In Spite of Age and Infirmity, Goya’s Sharp Gaze Persisted

Hard on the heels of Memling’s Portraits, surely one of the finest exhibitions in the city within memory, the Frick Collection has mounted another exhilarating tribute to an Old Master. Goya’s Last Works may not astonish as much as the last show: For a lot of us, Memling’s crystalline art was a revelation, but many of Goya’s most famous prints and paintings are instantly recognizable. So one challenge for the Frick lies in overcoming indifference bred by familiarity.

Another challenge is in the intimate scale of the Frick’s temporary exhibition galleries, which can’t accommodate the broad historical scope of a blockbuster. Space restrictions do, however, compel curators to focus their attentions and bring their expertise to shed light on this or that facet of an artist’s work. In that respect, Jonathan Brown and Susan Grace Galassi shine. Goya’s Last Works gives us a thorough measure, not of the artist’s complete accomplishment, but of his deeply humane, if often scabrous, vision.

The show is full of paradoxes typical of the man and, for that matter, the human animal itself. The introductory wall label informs us that Goya’s patrons—Charles III, Charles IV, Ferdinand VII and, during France’s occupation of Spain, Napoleon’s brother Joseph—“recognized his genius and treated him with tolerance.” Given the caustic nature of Goya’s art, as well as his sympathy for the Liberals and their disdain of the Spanish monarchy, the tolerance of a king would seem generous.

But Goya was no fool: He recognized the realities of revolutionary foment. After the Liberals failed to unseat the monarchy in 1823, Ferdinand VII brutally suppressed them. Sensing his allegiances might place him in danger, Goya applied for, and was granted, a leave of absence. He headed for France, saving his own skin. He died in Bordeaux four years later at the age of 82. The last four years of his life are at the heart of the Frick show.

Many things can power art, and political expediency is among them. It wouldn’t be misguided to guess that the often brusque liberties Goya took with artistic form and subject matter resulted from his voluntary exile: Starting over, particularly after the risk of potential catastrophe, can be reenergizing.

So, too, can one’s encroaching mortality. Goya had battled grave illness earlier in life. Among the most vivid pictures at the Frick is a small self-portrait, drawn in gray wash on paper, shortly after a long sickness left the artist deaf at age 46. Surrounded by an unruly shock of hair, a lion’s mane of lilting black marks, Goya renders himself pitilessly, though with surprising reserve, in a solemn moment of introspection. It’s a painfully candid portrayal of newfound vulnerability.

Self-Portrait with Dr. Arrieta (1820) honors the physician who with “skill and care … saved [Goya’s] life.” It’s another marker of the artist’s increasing fragility. Seen cradled in the arms of Dr. Arrieta, Goya is a mere wisp of a man, humbled by age and infirmity. But Goya’s Last Works also makes clear how these circumstances fostered artistic vitality—in its own scholarly way, the show is an essay in optimism.

The exhibition is devoted to four aspects of Goya’s art: portraiture, drawings, paintings on ivory and printmaking. Everything on display makes evident the artist’s unflinching moral probity. His gaze could not have been easy to withstand; it seems to have pierced the darkest corners of the psyche with alarming ease. His hand couldn’t make a mark without revealing judgment: Each portrait is a commentary on an individual’s worth. All the same, Goya didn’t allow his misgivings about humankind to cloud (or misdirect) his art. Insight, not dogma, was the rule.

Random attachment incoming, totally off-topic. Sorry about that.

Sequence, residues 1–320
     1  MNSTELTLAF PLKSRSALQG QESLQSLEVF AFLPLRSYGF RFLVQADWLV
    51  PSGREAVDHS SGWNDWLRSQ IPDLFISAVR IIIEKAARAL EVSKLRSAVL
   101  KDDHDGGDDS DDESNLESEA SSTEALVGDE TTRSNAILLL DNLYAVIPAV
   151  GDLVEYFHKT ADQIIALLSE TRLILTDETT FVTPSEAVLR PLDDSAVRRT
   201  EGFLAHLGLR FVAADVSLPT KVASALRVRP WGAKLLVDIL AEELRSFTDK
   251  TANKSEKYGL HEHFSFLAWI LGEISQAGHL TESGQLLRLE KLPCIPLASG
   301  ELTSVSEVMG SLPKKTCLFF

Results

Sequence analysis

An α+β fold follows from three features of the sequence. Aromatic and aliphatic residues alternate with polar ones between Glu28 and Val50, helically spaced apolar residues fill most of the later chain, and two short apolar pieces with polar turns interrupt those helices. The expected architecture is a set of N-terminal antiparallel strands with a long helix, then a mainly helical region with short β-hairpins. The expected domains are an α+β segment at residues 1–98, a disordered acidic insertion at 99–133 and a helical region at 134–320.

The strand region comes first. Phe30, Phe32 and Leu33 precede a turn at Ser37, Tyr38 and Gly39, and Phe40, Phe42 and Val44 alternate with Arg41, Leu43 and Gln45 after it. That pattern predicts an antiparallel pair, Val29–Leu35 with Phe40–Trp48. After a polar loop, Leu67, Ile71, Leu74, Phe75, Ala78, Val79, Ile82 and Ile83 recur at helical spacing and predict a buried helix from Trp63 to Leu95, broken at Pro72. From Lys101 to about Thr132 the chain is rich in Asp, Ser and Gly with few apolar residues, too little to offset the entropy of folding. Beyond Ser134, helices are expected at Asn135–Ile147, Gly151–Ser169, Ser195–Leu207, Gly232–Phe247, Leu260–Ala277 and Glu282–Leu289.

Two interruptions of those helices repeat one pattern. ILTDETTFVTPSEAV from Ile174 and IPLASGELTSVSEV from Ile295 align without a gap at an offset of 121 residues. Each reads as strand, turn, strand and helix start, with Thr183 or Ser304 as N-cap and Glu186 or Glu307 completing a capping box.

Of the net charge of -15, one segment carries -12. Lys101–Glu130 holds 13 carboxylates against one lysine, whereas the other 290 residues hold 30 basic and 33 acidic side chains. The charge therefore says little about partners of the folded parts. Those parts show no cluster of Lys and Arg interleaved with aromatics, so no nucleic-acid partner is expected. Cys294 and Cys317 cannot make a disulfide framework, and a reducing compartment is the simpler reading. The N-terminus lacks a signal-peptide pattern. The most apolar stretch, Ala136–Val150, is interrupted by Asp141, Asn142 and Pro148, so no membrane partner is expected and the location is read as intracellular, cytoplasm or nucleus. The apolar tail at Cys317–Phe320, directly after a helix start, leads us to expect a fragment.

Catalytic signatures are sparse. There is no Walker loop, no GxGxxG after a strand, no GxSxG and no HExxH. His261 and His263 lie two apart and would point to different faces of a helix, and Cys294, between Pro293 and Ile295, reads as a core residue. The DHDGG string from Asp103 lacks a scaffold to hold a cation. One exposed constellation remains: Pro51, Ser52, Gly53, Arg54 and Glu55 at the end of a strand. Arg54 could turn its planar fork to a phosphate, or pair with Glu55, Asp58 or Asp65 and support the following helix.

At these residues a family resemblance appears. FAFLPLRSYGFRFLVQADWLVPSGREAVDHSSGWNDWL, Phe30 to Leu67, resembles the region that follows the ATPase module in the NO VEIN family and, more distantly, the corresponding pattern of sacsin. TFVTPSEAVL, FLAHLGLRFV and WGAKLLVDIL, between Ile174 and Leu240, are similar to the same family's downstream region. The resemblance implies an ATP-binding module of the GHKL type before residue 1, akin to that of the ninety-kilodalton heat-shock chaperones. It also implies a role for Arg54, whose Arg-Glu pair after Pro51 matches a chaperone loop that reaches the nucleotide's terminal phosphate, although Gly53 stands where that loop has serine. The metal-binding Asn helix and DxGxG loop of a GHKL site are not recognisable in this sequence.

He was patently moved by the devotion of José Duaso y Latre, charmed by the barely contained impetuousness of Don Tiburcio Pérez y Cuervo, and somewhat taken aback by the porcelain-like features of a woman who may or may not be María Martínez de Puga. Even at his most scathing—in many of the roughhewn, preparatory drawings featured in the Bordeaux Albums—he could still allow a surprising tenderness to grace the crudest of images. Comer Mucho (To Eat a Lot) (1824-28) bluntly condemns gluttony, but only Goya could exercise a light-dappled lyricism while depicting a fat man moving his bowels.

The crayon drawings include caricaturish images of female giants, abusive husbands, airborne lesbians, and an impenetrable allegory featuring a cunning wolf and a needy man. They recall the parables of Los Caprichos, Goya’s renowned series of etchings devoted to the horrors and hypocrisies of war. So, too, does an improvisational group of miniatures painted on shards of ivory. The use of carbon black and watercolor lends a sleek, airy sensuality to pictures of malevolent children, grimacing crones and a man searching for fleas with gross enthusiasm.

The ivory pieces (all from 1824-1825) also include a lovely pair of proto-Surrealist reveries, one devoted to erotic surrender ( Reclining Nude) and the other to isolation ( Woman with Clothes Blowing in the Wind).

The empathy filtering through these images stands in contrast to a suite of lithographs dedicated to bullfighting. In them, Goya’s ruthless appreciation for human folly, not to say his misanthropy, is unmistakable and bracing. Goya’s picadores are hapless and hopeless—clownish grotesques whose sense of sport is as coarse as their physiognomies. In the lone painting devoted to the subject, Bullfighting Scene, known as Suerte de Varas (1824), a bull soberly assesses the bumbling clump of men attempting to quell him. The bull, clear-eyed, knowing and not entirely unamused, could be a stand-in for Goya, whose complex intelligence this show illuminates so unforgettably.

Goya’s Last Works is at the Frick Collection, 1 East 70th Street, until May 14.